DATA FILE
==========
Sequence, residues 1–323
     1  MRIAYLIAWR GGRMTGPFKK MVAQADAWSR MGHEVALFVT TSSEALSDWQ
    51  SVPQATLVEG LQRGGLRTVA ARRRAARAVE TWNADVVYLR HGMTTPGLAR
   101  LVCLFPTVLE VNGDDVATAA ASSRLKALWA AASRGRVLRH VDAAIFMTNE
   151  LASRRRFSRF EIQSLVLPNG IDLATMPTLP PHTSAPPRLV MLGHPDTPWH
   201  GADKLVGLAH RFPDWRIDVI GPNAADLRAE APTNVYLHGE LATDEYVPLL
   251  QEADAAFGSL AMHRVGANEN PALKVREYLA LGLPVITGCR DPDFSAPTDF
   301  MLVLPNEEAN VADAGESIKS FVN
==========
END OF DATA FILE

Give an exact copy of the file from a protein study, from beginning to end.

Sequence, residues 1–323
     1  MRIAYLIAWR GGRMTGPFKK MVAQADAWSR MGHEVALFVT TSSEALSDWQ
    51  SVPQATLVEG LQRGGLRTVA ARRRAARAVE TWNADVVYLR HGMTTPGLAR
   101  LVCLFPTVLE VNGDDVATAA ASSRLKALWA AASRGRVLRH VDAAIFMTNE
   151  LASRRRFSRF EIQSLVLPNG IDLATMPTLP PHTSAPPRLV MLGHPDTPWH
   201  GADKLVGLAH RFPDWRIDVI GPNAADLRAE APTNVYLHGE LATDEYVPLL
   251  QEADAAFGSL AMHRVGANEN PALKVREYLA LGLPVITGCR DPDFSAPTDF
   301  MLVLPNEEAN VADAGESIKS FVN